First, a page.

Are There Laws Against Littering On Your Own Property?


Littering on Own Property

We know trash and blight can stigmatize neighboring properties, they can foster crime and become a public health hazard. Citing reduction in property values along with eyesores, health hazards, and rodents, State Representatives Boggs and Miller have introduced legislation to criminalize litter on one’s own property in the state of Ohio.

During her testimony before the House State and Local Government Committee, as a proponent of the legislation, Representative Boggs argued that communities are struggling with urban blight caused by factors that include the opioid crisis and lack of employment opportunities. She testified that rampant garbage and debris have spread in many of these communities, and the efforts of activists cannot keep up. The legislation is intended to help communities with the urban blight from excessive debris in yards, alleys, and streets.

The legislation establishes a criminal penalty for owners of private property in cities and villages who deposit litter of any kind or quantity reasonably expected to be dangerous to life or health. Litter can be garbage, waste, ashes, cans, bottle, wire, paper, boxes, automobile parts, furniture, glass or anything else of an unsightly or unsanitary nature.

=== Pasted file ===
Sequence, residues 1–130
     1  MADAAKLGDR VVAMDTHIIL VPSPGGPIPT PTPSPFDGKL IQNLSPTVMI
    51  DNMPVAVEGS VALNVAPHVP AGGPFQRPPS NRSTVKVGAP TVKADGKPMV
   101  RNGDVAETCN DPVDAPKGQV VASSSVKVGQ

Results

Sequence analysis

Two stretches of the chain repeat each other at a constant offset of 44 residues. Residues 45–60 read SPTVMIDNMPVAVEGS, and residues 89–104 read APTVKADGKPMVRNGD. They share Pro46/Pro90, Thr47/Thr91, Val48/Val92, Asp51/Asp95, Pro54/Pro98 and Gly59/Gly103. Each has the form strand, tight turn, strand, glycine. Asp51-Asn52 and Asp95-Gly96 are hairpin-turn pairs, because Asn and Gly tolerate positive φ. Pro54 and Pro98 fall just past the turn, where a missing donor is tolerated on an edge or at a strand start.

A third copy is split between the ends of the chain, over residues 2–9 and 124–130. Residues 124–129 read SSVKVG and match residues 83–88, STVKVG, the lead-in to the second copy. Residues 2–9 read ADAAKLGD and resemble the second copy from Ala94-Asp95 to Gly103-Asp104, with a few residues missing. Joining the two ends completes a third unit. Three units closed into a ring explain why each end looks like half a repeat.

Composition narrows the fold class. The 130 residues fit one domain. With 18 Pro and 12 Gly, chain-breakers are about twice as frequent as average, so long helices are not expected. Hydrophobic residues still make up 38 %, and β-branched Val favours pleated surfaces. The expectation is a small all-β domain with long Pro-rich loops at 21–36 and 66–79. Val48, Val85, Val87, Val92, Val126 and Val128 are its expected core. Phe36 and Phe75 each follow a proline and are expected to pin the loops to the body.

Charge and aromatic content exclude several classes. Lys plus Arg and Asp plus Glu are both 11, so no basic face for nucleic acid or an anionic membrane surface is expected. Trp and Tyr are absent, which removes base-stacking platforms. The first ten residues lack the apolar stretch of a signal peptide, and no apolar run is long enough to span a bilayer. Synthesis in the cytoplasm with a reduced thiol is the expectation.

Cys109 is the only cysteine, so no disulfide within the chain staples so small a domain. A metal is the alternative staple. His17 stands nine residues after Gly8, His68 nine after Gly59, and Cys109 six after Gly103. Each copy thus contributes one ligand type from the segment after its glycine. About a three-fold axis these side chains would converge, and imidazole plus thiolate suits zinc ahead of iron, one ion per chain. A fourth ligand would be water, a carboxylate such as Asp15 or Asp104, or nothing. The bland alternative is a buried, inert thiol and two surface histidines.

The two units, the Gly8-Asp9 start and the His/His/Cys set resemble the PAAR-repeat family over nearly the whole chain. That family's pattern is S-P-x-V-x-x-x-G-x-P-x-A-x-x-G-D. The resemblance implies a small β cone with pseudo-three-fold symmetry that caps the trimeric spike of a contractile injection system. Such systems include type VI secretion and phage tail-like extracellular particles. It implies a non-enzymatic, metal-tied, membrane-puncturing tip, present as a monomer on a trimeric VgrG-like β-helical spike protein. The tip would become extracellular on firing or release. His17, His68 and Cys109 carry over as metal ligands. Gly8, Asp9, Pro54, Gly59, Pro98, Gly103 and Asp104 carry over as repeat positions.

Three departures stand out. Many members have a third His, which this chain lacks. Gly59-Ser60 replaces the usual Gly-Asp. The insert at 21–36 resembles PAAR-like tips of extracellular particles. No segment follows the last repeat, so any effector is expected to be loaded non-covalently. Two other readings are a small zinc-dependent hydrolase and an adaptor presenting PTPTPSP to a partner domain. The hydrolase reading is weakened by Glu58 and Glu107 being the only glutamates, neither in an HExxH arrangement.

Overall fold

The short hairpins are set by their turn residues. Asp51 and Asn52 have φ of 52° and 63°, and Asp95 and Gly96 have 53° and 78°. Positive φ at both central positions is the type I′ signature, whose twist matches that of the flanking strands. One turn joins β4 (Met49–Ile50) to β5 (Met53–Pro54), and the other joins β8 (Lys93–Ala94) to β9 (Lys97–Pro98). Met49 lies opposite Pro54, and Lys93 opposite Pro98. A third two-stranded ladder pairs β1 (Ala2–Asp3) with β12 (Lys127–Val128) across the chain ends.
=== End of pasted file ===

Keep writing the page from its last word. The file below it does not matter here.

If the condition exists for at least two days, an enforcement official must give the owner notice specifying the conditions constituting a violation and five business days to remedy those conditions. The enforcement official can be a sheriff, deputy sheriff, police officer, and other law enforcement officers. Owners that do not comply can be charged criminally with a misdemeanor of the third degree and face up to sixty days in jail and a fine up to $500.00. Repeat offenders can face a jail term of up to 90 days and fined up to $750.00.

In offering his sponsorship testimony, Representative Miller indicated that traditionally Ohioans have had to use nuisance suites to clean up these types of blighted properties. He advised that this law would address excessive garbage and debris left by the landowner, tenant, or other agents on their own property. Representatives of the South Central Hilltop Block Watch and the Operations Manager for Friends of the Hilltop also testified in support of the legislation.

If enacted this law will be another resource for neighbors seeking to clean up and revitalize vacant and abandoned lots filled with trash and debris. The text of the legislation can be viewed at HB 633.

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